City employee makes statement causing controversy - News, Weather, Sports, Toledo, OH

City employee makes statement causing controversy

(Source: WTOL) (Source: WTOL)
TOLEDO, OH (WTOL) -

It was just another item on the city council agenda Tuesday night, discussing creation of a park board for Joe E Brown Park. Until Councilwoman Cecelia Adams asked why there would be no basketball court at the park?

The response from a city employee, said it "draws a crowd not worthy of the park."

"So when you describe basketball as being unworthy, is that something that you heard or is that from your own personal beliefs?” asked Councilman Tyrone Riley.

“I think that is pretty much what I have heard,” said Joe Franckhauser, the employee who made the statement.

Council members immediately reacted to this. Tyrone Riley called it offensive.Yvonne Harper said she doesn’t want kids to have to go through what she did growing up and Nick Komvies said, he's dumbfounded.

"If the attitude is going to shut some people out, that's a concern for me,” said Komives.

The city employee, Joe Franckhauser is representing Toledo Waterways Initiative, as Julie Cousino, is on vacation.

Joe E. Brown park was torn up in 2014 for creation of an underground sewage storage basin.

The park will have tennis courts, a baseball diamond, and an inline skating rink, a measure already approved by city council. The park did not have a basketball court before.

“Plans for the restored park, including the amenities featured today, have been presented for comment and circulated through Neighborhood Action Committee meetings and Citizen PAC meetings since at least December of 2012.

Minutes from the February 24, 2015 NAC meeting indicate discussion of the hockey rink for the park based on neighborhood use,” said Ignazio Messina, the spokesperson for the City of Toledo.

It is set to open this spring. Toledo City Council members say it is not about a basketball court not going in at the park, it is about the way it was addressed.

"It doesn't fit in the plan or it costs too much money, sure that sounds like a reasonable reason to not include something. But if it's just we are afraid of the people that play basketball, I think it is pretty clear what is behind that,” said Komives.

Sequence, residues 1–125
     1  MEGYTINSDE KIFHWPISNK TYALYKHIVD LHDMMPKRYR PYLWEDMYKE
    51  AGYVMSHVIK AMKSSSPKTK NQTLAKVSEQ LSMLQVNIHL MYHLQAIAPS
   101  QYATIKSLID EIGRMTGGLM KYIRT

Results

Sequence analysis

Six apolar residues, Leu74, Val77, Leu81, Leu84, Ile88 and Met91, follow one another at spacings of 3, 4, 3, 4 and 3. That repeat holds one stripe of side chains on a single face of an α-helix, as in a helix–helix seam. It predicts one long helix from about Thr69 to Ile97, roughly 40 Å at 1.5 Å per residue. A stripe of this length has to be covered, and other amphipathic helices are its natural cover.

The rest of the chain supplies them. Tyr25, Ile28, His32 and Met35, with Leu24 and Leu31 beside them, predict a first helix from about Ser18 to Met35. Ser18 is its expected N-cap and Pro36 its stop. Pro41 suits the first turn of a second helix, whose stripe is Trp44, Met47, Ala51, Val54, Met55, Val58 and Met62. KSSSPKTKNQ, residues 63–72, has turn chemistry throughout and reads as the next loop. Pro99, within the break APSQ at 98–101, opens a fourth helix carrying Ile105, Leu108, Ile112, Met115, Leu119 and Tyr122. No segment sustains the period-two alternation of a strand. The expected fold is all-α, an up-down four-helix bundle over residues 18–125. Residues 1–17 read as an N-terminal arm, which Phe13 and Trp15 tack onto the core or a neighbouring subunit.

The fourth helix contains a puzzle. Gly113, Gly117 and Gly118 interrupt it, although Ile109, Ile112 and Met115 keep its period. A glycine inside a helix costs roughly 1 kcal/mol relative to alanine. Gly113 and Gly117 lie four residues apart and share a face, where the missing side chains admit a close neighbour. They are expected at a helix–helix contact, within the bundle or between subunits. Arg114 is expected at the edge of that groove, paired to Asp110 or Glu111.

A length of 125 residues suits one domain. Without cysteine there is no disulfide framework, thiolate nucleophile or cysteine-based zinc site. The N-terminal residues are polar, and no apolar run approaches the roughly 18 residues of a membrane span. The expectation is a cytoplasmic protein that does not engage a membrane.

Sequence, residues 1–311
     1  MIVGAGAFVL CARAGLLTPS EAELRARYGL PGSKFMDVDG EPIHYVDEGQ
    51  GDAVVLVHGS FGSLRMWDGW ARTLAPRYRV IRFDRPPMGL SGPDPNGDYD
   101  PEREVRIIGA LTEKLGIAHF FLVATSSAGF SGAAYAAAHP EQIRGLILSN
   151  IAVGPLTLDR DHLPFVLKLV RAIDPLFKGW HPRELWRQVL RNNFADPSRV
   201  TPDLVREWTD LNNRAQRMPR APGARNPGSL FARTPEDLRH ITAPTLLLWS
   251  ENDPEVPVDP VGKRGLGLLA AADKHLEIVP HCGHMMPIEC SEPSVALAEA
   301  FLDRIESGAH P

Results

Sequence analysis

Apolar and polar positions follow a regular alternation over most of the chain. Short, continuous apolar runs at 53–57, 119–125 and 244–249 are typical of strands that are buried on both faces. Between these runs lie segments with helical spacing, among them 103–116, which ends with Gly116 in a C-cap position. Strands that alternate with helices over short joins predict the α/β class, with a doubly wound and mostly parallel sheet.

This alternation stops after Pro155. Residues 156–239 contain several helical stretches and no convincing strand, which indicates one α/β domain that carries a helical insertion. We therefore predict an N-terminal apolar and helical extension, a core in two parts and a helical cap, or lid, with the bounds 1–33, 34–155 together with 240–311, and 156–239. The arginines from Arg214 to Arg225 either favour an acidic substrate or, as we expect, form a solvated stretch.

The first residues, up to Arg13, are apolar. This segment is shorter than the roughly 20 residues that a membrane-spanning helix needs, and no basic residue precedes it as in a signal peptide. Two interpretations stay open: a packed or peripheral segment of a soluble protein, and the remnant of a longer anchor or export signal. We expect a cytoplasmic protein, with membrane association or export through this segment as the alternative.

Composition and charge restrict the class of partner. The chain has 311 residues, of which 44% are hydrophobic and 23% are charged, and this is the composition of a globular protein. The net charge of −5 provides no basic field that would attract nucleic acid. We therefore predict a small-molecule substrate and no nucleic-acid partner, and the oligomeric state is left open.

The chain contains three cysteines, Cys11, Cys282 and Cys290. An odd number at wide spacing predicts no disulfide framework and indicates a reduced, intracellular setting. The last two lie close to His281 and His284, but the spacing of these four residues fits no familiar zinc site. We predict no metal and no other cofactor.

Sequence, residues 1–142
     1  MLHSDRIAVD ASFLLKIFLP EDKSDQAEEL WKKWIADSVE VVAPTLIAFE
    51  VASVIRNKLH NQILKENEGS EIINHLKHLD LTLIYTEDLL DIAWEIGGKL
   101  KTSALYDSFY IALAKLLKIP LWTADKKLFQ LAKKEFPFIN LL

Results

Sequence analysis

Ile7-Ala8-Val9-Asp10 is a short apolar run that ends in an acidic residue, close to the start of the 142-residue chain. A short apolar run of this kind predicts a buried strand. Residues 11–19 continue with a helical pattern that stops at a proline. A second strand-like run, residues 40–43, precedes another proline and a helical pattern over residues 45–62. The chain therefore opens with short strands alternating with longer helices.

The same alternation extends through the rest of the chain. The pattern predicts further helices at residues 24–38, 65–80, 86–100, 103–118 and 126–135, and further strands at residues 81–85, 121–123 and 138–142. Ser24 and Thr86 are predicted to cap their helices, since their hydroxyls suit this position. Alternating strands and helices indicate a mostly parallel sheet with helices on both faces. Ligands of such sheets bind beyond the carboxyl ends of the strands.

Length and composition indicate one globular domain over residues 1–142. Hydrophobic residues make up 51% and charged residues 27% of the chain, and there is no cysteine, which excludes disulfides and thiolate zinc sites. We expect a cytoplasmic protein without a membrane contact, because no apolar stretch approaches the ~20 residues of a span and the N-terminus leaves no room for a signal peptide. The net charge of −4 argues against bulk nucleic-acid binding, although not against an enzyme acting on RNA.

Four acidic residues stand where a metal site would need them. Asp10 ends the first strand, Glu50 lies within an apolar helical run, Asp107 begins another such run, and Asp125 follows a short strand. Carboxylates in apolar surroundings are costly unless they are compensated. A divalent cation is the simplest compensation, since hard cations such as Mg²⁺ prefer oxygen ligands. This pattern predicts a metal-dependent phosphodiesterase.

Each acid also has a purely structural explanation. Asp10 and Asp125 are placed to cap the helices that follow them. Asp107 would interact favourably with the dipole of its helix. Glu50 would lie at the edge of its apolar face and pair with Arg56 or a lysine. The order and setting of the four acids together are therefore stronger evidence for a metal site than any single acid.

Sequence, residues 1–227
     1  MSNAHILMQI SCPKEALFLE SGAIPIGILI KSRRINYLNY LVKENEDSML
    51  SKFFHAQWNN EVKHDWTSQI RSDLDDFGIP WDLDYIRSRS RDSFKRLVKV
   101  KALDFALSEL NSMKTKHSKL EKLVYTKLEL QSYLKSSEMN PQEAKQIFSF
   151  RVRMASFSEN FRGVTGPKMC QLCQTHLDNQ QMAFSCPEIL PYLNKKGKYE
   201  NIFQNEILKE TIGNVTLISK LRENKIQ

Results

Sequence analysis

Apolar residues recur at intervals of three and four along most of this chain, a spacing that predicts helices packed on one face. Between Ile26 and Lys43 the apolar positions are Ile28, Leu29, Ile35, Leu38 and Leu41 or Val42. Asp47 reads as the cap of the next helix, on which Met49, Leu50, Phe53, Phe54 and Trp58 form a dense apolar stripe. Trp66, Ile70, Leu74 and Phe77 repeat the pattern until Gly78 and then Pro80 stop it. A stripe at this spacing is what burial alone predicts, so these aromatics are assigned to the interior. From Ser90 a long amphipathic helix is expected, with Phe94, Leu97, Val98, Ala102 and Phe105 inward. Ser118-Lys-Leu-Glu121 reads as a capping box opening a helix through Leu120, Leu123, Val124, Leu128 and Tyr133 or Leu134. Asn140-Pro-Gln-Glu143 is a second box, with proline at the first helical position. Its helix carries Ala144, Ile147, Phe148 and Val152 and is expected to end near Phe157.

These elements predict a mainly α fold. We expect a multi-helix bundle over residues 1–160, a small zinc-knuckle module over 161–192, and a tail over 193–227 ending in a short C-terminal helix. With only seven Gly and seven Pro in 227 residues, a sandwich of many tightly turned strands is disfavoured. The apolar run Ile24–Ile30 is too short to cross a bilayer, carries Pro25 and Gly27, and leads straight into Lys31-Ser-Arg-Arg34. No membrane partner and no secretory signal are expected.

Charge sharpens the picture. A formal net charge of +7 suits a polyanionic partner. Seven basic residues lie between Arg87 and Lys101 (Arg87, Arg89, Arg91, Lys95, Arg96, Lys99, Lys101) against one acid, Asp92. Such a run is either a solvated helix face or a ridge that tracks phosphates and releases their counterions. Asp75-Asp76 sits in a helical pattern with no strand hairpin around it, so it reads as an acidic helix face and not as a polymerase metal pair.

"To say we didn't put it there because we don't want the undesirables there or the crowd there is, disturbing,” said Larry Sykes, Toledo City Councilman.

WTOL’s Allie Hausfeld followed Franckhauser out, but he didn't have any additional comments. He said Cousino would need to address this.

Abby Arnold, the Deputy Chief of Staff for Mayor Wade Kapszukiewicz who was sitting next to Franckhauser as he made these comments said she doesn't think he expected to comment about the amenities. Arnold added that she believes he was only prepared to discuss the legislation at hand.

“Anytime we look at our parks, we are striving to increase health and recreation. In this case, the features to restore Joe E. Brown Park were determined years ago. Citizen involvement has been an important component of the restoration of Joe E. Brown Park as it has been for all Toledo Waterways Initiative projects,” added Messina.

Toledo Mayor Wade Kapszukiewicz released a statement to WTOL:

A statement made today during Toledo City Council’s agenda review meeting regarding basketball courts at Joe E. Brown Park does not reflect my views and beliefs or the views and beliefs of my administration. I believe a city employee made a comment he heard at some point years before I was mayor about this park project and basketball courts.

Public spaces like parks are to be enjoyed by all members of the community. Whether he was articulating his own opinion or attempting to summarize the opinions of others, he does not have the power to set policy of the administration.

That power lies with the mayor and city council, along with the consultation of  senior staff. Joe E. Brown Park is in the heart of a vibrant neighborhood. We can absolutely review desires for a basketball court at the park in the future.”

Councilman Komives echoed the Mayor’s statement.

“When we have a public space like a park, it is important that park be welcoming to all people, because every single person in this city is contributing tax dollars, to build this things, so we shouldn’t be excluding anyone from being able to participate," said Komives.

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